David has posted an essay today that echos a similar sentiment to what I just posted earlier this morning.
“A large portion of the reason for me is because our denomination historically refuses to play the cultural games others have been drawn into. The Episcopal Church is drastically worship-centered. This goes all the way back to the ‘Elizabethan Compromise’ in the Church of England in which unity in worship was considered more important than conformity in belief. This idea was codified in the ‘Chicago-Lambeth Quadrilateral’ (BCP 876) which set out the basics of a generous, creedal orthodoxy which could be affirmed by a wide variety of Christians of good faith.
As I became a member of the church, I noticed how diverse it was. We had Democrats and Republicans, liberals and conservatives, Anglo-Catholics and liturgical Protestants. We had people of color in a culture where Sunday was still the most segregated day of the week. Any conversation in the parish hall that touched on religion was bound to bring up differences. In fact, if one had only come to the coffee hour, one might conclude that this was some sort of interdenominational gathering. But on Sunday mornings, we worshipped together as a family. While I could look at other churches in our town and pin exactly where the members of that church would live and how they would vote, our Episcopal church could not be so categorized. Five hundred years after the Elizabethan Compromise, our church still found its unity in the community-building mystery of worship, rather than in politics or intellectual assent to set principles. It was that vision of the Episcopal Church that I fell in love with – Christ-centered, faithful in worship, diverse in belief, and tolerant of difference. In a culture that tended to force churches to take set identities, we steadfastly refused and instead centered ourself on worship of the living God.”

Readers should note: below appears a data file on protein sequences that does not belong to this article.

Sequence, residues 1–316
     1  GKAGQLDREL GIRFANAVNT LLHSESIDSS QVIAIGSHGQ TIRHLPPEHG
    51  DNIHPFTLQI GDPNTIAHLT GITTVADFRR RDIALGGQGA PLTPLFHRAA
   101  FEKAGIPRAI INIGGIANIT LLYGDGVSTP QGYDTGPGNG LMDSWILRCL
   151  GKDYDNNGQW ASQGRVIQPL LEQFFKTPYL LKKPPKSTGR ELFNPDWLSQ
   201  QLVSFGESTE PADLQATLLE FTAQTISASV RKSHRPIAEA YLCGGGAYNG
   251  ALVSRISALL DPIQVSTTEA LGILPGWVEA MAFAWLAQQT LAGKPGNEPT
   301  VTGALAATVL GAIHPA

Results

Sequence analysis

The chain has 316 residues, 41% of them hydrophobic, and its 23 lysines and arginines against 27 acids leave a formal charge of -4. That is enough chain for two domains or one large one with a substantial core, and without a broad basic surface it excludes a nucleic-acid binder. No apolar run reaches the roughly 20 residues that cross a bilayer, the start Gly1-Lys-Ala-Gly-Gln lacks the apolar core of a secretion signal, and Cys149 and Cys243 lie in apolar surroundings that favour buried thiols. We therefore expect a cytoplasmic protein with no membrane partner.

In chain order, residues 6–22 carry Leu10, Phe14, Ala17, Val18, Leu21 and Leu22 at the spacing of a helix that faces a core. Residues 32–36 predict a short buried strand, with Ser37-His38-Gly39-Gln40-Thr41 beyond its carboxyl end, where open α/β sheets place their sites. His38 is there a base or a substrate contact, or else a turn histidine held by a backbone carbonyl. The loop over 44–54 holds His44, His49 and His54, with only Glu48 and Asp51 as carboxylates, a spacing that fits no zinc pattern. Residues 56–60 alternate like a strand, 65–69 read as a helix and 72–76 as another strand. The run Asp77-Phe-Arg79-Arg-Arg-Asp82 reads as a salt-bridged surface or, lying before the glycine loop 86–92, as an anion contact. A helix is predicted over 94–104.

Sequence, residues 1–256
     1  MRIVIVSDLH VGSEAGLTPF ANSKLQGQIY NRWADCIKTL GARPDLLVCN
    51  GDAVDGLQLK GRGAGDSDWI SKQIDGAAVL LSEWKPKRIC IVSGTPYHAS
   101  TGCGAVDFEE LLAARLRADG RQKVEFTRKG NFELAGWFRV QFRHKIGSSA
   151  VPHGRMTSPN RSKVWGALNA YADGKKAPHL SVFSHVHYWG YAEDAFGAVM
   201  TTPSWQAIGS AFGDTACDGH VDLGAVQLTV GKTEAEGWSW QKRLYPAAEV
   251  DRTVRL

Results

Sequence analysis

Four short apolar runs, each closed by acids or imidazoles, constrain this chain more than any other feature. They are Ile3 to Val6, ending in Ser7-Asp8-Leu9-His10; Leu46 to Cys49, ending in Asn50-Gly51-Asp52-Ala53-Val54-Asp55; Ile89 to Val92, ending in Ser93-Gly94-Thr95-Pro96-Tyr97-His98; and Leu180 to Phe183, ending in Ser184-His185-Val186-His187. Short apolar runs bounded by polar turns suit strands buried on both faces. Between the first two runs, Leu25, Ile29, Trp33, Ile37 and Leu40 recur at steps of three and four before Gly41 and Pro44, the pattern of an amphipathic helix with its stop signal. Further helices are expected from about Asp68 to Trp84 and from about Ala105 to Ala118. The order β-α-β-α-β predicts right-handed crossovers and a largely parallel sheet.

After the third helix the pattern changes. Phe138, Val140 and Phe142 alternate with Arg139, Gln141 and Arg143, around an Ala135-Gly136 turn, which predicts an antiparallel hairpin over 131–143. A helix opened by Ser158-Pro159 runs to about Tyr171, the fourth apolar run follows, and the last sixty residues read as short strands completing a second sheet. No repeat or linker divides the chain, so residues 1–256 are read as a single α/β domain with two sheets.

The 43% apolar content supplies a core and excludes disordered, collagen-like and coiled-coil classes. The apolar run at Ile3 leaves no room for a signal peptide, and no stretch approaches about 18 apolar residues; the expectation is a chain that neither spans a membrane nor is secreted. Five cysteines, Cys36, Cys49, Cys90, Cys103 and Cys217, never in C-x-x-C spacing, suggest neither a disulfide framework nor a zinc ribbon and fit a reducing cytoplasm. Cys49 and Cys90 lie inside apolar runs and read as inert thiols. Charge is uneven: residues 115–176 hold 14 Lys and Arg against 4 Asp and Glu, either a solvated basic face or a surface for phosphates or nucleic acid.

There’s more to his essay – but this is my favorite bit. You should follow the link below and read the whole thing.
Read the full article here.